Metal-silicate-sulphide segregation within the Yaringie Hill meteorite
thesisposted on 28.03.2022, 20:38 by Harry West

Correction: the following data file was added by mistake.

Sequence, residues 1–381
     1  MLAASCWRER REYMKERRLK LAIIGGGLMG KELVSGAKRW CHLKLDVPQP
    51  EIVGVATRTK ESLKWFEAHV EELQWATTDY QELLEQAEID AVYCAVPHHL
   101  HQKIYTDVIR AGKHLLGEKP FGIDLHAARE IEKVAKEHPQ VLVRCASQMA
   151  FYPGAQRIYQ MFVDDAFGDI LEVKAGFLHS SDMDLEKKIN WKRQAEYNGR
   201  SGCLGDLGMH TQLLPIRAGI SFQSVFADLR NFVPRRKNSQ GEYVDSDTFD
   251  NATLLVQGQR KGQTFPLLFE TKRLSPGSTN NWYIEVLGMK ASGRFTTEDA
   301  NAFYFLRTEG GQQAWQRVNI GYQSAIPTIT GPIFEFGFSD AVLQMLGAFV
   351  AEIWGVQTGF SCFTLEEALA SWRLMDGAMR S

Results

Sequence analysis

The study of the Yaringie Hill meteorite offers a unique opportunity to investigate the early stages of the planetary building cycle, in particular, the mechanisms controlling core formation. This H5 ordinary chondrite features a crosscutting metal vein that has allowed investigation of metal-silicate-sulphide segregation mechanisms on the ordinary chondrite parent body. This study focused on trace element analysis of metals and sulphides using LA-ICP-MS and the establishment of textural relationships through optical and SEM analysis. The vein metal is depleted in HSE relative to matrix metal, and appears to be the result of injection rather than local partial melting. Comparative study against terrestrial and meteoric segregation mechanisms concludes the vein neither formed via shock metamorphism as previously interpreted, or a smelting process. The vein instead appears to be derived from vapour deposition resulting from impact vapourisation. HSE patterns and abundances relative to iron meteorites highlight the vein being transitional toward the IIIAB irons and pallasites, indicating processes like vapour deposition may contribute to final core composition. Further research in this area should focus on building a larger body of research around the mechanism of vapour deposition and its impact on planetary core formation.